• The secretary shall (1) record the minutes of the organization and board meetings, (2) handle the organization and board correspondence, (3) maintain a permanent file of the organization and board bylaws and other documents, including officers and committee chairpersons’ reports, publications, and correspondence, (4) send out to the membership a notice of each meeting, and (5) compile the order of business for meetings.
  • The treasurer shall (1) receive and disburse funds as authorized by the board, (2) keep records of money received and spent, (3) safeguard the organization’s funds, (4) compile and submit an annual financial statement as required, (5) keep the official membership role, (6) provide record of dues payments to the secretary as requested, and (7) invest funds if so directed by the board and following the board’s guidelines.

This information is partial. The full information can be found in our bylaws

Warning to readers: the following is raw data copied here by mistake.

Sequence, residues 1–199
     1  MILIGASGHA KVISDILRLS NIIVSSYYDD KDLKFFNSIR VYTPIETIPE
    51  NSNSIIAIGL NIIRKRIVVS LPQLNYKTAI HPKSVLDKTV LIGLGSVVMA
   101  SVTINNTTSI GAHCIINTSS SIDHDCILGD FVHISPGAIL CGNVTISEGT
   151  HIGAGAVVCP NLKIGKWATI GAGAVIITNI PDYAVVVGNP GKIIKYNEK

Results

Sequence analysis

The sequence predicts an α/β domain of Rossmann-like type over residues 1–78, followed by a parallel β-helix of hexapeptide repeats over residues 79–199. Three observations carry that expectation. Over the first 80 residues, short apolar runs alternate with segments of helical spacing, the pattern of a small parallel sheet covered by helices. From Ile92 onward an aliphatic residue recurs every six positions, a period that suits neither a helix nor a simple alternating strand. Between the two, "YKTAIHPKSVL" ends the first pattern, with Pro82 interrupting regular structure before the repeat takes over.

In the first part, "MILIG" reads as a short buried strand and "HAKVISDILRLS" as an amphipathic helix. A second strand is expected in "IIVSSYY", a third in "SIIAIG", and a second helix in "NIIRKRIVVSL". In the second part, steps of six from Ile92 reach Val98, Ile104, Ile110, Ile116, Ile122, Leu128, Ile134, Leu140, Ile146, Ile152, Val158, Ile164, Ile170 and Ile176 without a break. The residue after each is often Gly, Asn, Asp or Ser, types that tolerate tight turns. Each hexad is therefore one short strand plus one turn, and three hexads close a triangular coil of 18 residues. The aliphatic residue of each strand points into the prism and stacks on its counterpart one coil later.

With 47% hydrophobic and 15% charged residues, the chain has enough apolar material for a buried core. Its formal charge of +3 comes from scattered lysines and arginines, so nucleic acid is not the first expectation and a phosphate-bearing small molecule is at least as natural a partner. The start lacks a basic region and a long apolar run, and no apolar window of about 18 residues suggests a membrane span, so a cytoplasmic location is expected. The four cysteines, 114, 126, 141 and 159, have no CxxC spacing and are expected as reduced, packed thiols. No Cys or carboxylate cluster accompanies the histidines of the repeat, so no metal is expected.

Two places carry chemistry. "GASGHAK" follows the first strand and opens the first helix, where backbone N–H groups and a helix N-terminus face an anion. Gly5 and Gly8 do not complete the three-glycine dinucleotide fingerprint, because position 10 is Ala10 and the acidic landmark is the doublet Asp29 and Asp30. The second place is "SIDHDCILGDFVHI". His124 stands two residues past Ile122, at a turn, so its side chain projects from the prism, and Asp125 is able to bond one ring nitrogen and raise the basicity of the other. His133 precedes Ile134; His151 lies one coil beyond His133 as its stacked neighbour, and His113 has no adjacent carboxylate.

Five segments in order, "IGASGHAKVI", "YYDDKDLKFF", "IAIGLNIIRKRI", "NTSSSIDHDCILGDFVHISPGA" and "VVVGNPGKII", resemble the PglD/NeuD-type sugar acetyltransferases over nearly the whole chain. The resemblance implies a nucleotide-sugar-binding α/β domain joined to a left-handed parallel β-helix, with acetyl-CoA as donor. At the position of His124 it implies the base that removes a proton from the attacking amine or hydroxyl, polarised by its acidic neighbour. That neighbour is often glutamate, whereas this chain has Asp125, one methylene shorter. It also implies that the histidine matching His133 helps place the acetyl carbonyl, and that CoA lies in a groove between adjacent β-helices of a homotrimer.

Call to order (Carl Ledendecker)

Capture of members in attendance (Donna Maxwell)

Establishment of quorum (10% of paid members)

Reading of the summarized minutes of February 5, 2017, Business Meeting (Donna Maxwell)

Acceptance of the February 5, 2017, minutes

Treasurer’s report (Eliot Specht)

Q and A


  • Adopt-a-Highway (Donna Maxwell)(Chevy Anz will not be in attendance)
  • Annual speaker (Aleta Ledendecker)
  • Book Club (Robert Morris)
  • Freethought Forum TV (Lee Erickson)
  • Secular Student Alliance (Jonas Holdeman)
  • Sunday Assembly (Adrienne Weber)
  • Solstices
  • Picnics
  • Other activities

Other actions


Presentation of the slate by Nominations Committee

Additional nominations from the floor (must have permission of the nominee)

Action setting the number of directors

Establishment of Elections Committee


Announcement of results

Remarks by outgoing president

Remarks by incoming president

General discussion

Motion to adjourn


The Nominations Committee will submit a report containing the committee’s nominations to the general membership in attendance, and ballots will be distributed.